This seems like an obvious question.
I have a date column, and I want to create a formula to increase it by one month for each column.
10/2013, 11/2013, 12/2013, 1/2014, 2/2014, ...
How do you add one month to a date?
This seems like an obvious question. I have a date column, and I want to create a formula to increase it by one month for each column.
How do you add one month to a date? 





As given in reference: Date Arithmetic, this adds one to the month:



The currently favored answer will skip short months that follow long onesSet A1=20140131 Then the result using =DATE(YEAR(A1), MONTH(A1)+1, DAY(A1)) will be 20140303, thus skipping February. The EDATE approach suggested above loses daysShort months cause EDATE to drop days for successive months. E.g. =EDATE(DATE(2014,1,31),1) does produce 20140228, but applying it again results in 20140328, which is not the last day in March. A solution that does work: increment months with the day set to zeroSet the day to zero, and increment months, while being one month ahead. E.g. To start in January use DATE(2014,2,0) => 20140131 then DATE(2014,3,0) => 20140228, then DATE(2014,4,0) > 20140331 as one would expect by logically following the last day of each month. Other approachesAdjustments can be made if you want the last working day in the month, or 30 day increments while not skipping months, etc. Depends on the objective.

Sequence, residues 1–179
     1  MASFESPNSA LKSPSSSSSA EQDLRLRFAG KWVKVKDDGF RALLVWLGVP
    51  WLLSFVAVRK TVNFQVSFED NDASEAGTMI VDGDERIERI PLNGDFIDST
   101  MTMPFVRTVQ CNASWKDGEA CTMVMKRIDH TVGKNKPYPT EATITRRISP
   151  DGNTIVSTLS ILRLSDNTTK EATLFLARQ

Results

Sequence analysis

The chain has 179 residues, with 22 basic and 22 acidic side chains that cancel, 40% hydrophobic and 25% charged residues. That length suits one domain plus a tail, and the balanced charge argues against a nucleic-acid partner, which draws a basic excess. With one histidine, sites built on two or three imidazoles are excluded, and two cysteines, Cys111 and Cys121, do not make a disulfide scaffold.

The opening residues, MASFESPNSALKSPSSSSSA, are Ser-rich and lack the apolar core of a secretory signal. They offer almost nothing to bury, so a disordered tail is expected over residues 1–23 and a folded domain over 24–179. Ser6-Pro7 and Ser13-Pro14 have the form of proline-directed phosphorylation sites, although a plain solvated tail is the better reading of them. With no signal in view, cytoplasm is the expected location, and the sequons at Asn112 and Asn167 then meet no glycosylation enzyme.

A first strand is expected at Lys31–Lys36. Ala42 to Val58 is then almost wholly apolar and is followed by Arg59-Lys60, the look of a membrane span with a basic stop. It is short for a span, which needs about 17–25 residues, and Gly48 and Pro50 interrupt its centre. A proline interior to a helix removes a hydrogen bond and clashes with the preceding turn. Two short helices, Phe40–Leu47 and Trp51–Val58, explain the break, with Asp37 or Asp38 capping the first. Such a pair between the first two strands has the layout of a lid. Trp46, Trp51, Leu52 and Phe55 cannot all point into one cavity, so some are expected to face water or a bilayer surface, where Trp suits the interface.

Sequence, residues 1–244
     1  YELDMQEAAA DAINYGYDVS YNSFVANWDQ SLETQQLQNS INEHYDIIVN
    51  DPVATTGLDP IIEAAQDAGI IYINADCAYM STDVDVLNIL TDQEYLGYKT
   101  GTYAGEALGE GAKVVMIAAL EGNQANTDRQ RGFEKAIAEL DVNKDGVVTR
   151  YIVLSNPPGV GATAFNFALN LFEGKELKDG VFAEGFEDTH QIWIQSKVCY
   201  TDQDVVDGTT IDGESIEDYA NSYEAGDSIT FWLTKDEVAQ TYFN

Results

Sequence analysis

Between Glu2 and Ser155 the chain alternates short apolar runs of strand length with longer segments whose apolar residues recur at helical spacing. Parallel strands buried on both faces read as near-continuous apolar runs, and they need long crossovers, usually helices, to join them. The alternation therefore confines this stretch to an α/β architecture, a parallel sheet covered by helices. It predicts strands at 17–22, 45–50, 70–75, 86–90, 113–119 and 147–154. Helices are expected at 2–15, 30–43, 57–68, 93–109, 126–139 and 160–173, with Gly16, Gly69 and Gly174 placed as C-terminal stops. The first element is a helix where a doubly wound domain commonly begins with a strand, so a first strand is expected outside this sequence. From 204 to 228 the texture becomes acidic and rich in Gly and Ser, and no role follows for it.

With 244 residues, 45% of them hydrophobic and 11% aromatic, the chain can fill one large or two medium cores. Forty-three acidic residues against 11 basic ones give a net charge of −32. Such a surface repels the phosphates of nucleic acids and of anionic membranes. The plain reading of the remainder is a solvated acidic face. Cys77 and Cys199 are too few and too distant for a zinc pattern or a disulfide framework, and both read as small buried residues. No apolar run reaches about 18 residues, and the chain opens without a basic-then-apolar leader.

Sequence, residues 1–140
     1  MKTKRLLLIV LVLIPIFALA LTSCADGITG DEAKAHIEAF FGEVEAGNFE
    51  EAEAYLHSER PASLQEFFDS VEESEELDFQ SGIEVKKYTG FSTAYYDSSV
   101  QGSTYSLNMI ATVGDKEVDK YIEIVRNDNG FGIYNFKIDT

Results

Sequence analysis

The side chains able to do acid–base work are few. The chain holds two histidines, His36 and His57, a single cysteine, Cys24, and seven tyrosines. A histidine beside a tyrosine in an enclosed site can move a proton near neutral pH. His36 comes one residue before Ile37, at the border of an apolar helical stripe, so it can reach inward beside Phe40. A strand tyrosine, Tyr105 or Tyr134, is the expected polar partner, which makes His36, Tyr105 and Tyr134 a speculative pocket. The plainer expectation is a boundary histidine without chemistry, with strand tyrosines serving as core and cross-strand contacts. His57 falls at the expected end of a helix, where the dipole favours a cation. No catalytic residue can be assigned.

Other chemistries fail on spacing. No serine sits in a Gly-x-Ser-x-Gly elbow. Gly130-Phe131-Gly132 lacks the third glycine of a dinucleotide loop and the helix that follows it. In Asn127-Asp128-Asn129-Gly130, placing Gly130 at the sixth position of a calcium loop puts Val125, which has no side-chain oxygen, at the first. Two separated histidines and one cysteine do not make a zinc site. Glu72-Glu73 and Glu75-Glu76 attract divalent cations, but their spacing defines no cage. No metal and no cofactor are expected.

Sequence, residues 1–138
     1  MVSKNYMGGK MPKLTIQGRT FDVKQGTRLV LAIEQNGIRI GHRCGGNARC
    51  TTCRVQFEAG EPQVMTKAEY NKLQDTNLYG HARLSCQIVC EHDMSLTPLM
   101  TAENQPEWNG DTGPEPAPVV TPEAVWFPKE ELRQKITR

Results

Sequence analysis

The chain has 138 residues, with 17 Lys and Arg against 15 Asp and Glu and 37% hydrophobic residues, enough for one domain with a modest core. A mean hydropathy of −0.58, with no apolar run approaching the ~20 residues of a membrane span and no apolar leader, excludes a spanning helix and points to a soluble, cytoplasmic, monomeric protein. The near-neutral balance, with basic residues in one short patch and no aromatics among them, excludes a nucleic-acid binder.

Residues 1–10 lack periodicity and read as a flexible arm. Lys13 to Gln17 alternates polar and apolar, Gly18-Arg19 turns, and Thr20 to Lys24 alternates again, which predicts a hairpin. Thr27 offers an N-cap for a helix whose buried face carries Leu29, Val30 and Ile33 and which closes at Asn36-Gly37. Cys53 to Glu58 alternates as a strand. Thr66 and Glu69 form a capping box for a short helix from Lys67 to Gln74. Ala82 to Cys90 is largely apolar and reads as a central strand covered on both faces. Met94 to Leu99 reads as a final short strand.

I think you may need to use labels as dates are stored just as numbers which are then displayed in a format you choose. To add a month you'll need a complex calculation to determine how many days to take you to the next month. Hope I'm wrong and someone has an answer.